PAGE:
Diy toddler art smock tutorial

{DIY} Toddler Art Smock

My 18 month old recently developed a fascination with pens, pencils, crayons… anything that leaves a mark really. She loves having the opportunity to scribble on paper and it now means she will hunt down a drawing instrument within the house and attempt to scribble on something or other. Uh oh!

As a creative person myself, of course I want to encourage her creative expression, but it can be messy business! So thus the search for the ideal smock tutorial began…

Pinterest as always, was my go to starting point. I only recently started learning how to so, however I was determined to create something functional to protect my daughters’ clothing before we gave her free reign with her creativity.

Diy toddler art smock

I stumbled on this fabulous diy toddler art smock tutorial. There is even a printable pattern available.

Only problem was my printer was not playing nice and it printed out just over half the size I’m guessing it should be. So instead of getting cranky at the printer, I just hand drew my own version using the mini print outs as a guide. It worked!

This is a super easy project to make, even for a beginner sewer like me. I have in fact made 4 of these already, as they will make great gifts for some of the other little creatives-in-the-making. They are in fact the perfect DIY gift idea.

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DIY TODDLER ART SMOCK

Materials:

Total of 1 yard of fabric in two coordinating colors – I used 4 fat quarters for my first one.
Buttons
Sewing machine
Iron
Coordinating thread
Scissors or rotary cutter
Vintage Tie Apron pattern

You will need more than fat quarters if you want to make a bigger size but it’s perfect for the toddler size in the original tutorial.

Now let me tell you, it is really hard to get an 18 month old to stand still for a photo. She used to be such a great little model… before she was mobile. Now, it’s a race to try and get any sort of photo that hasn’t got a side of blur ;)

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But you get the idea…

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I made a couple of changes after the first one. It seemed to have a really long back panel compared to the front panel. This may have just been my failed pattern print out attempt, however I created the next few with more length in the front panels to even them out. I also made some of the ties thinner, using up fabric straps.

You could potentially also use ribbons for the ties, although I would suggest sealing or stitching over the end to prevent fraying. The ties were possibly the most time consuming part but overall, a quick project still.

The diy toddler art smock pattern is sized to suit around a 2 year old, which is just perfect for me. But I did make at least one of them bigger, simply by adding an extra inch around the sides of the pattern and tweaking it around the shoulders so it didn’t add extra bulk there.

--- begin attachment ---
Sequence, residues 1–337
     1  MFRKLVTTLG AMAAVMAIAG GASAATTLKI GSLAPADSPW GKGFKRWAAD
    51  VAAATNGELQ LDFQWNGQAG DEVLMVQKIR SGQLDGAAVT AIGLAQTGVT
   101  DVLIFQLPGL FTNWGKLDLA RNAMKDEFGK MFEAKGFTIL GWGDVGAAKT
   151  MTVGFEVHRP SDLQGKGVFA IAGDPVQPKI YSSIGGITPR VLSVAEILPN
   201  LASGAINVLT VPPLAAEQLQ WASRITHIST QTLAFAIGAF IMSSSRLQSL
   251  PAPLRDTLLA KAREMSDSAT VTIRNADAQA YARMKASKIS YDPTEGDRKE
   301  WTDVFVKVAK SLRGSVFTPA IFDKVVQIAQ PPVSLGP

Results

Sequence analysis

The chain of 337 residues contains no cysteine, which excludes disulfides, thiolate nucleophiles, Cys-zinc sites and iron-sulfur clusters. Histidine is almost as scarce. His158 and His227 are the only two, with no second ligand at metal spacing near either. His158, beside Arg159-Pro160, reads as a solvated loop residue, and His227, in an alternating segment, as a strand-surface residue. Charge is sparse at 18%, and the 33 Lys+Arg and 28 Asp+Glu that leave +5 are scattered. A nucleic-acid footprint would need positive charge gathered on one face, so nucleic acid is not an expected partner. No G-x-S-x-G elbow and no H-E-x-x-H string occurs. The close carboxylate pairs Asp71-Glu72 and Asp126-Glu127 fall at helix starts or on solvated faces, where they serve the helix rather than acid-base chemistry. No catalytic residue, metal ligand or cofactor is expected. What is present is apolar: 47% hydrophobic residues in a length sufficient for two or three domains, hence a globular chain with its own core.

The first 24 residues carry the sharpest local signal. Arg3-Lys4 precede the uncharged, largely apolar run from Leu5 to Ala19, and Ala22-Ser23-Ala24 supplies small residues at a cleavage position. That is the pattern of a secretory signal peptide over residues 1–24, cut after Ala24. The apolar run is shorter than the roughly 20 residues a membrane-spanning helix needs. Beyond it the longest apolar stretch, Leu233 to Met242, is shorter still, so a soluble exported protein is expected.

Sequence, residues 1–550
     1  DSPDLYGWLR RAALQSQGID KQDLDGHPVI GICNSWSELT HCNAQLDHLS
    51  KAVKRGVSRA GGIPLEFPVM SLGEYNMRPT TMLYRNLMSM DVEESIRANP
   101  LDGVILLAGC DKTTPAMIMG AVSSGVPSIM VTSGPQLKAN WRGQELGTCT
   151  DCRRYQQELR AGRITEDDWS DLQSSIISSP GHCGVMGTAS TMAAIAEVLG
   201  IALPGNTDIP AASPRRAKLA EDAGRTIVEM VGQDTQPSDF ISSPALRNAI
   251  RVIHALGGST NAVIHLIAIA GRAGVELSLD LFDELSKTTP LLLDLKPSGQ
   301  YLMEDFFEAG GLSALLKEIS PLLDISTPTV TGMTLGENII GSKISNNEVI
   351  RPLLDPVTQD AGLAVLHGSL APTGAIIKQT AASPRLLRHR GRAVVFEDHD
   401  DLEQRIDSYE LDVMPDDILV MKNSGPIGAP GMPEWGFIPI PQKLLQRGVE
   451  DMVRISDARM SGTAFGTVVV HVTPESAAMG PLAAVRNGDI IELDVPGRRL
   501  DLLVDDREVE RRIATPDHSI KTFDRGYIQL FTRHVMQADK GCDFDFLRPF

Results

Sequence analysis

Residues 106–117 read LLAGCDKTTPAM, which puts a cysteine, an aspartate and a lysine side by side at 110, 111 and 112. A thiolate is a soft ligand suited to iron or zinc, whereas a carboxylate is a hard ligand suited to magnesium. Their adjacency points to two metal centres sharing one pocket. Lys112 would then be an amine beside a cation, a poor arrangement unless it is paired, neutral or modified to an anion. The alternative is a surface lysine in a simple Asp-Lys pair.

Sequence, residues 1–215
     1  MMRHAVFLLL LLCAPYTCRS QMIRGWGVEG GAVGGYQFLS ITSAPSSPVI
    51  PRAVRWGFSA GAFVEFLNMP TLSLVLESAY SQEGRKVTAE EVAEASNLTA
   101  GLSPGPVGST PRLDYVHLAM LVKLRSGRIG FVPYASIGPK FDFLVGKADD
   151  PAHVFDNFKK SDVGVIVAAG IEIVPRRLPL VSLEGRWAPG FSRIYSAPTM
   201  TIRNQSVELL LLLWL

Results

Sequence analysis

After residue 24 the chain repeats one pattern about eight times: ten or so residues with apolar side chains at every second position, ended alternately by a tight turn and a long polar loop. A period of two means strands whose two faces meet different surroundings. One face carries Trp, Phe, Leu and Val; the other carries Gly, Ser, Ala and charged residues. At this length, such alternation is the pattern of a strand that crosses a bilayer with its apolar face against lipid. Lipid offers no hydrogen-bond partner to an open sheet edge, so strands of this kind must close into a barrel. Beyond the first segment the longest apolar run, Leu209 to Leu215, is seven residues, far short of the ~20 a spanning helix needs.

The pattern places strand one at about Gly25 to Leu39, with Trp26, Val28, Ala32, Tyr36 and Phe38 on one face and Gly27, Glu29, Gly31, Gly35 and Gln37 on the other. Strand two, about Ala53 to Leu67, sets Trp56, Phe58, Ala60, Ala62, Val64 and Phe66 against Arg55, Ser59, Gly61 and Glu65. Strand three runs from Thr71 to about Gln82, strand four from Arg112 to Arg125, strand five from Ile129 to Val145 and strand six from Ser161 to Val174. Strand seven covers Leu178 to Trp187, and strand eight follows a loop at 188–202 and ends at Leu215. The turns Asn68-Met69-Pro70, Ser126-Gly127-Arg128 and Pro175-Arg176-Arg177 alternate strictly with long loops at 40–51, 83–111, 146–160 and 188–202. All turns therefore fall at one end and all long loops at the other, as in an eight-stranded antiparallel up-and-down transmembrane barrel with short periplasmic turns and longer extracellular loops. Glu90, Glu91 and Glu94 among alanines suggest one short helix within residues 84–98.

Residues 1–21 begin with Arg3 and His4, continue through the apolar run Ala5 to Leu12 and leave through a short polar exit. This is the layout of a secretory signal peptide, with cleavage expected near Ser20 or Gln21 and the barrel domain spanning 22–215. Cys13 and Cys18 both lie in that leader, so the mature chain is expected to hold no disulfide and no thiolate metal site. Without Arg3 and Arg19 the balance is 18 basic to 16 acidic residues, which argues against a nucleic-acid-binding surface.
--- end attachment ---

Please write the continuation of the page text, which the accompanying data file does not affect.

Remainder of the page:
I also used some bleached calico on the insides of a couple of mine so they aren’t reversible as such, but it means they are even cheaper to make, while still being double layered.

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You could also consider using laminated cotton or similar to make them water proof. Plenty of options.

This was also my first chance to use the button hole foot on my sewing machine. How freakin cool is that! So quick and easy. Love my sewing machine!

Anyway, head on over to Smashed Peas and Carrots for the original diy toddler art smock tutorial, or create your own inspired version like I did. Such a useful and fun project for the little people in your life!

6 thoughts on “{DIY} Toddler Art Smock”

  1. That hand-made smock fits your daughter so well! She doesn’t seem to mind that its on her. I remember my smock-days in kindergarden. My teacher insisted my class and I wear checkered green smocks (I think they came with the uniform) for art class. They were so ugly and oversized! Nothing like yours :D

    1. Thank you. We had big frumpy ones when I was a kid. The ones that tied at the back & were uncomfortable lol this is cute & comfy but not as protective.

  2. Oh this is adorable!! I love how good it fits her and how high up on the neck it goes! We have a store bought one for my daughter but it is quite frumpy and so low necked she still gets rather messy with it! :-)

  3. the eternal traveller

    We just used to use Dad’s old t-shirts. Yours is much prettier and your little model is gorgeous.

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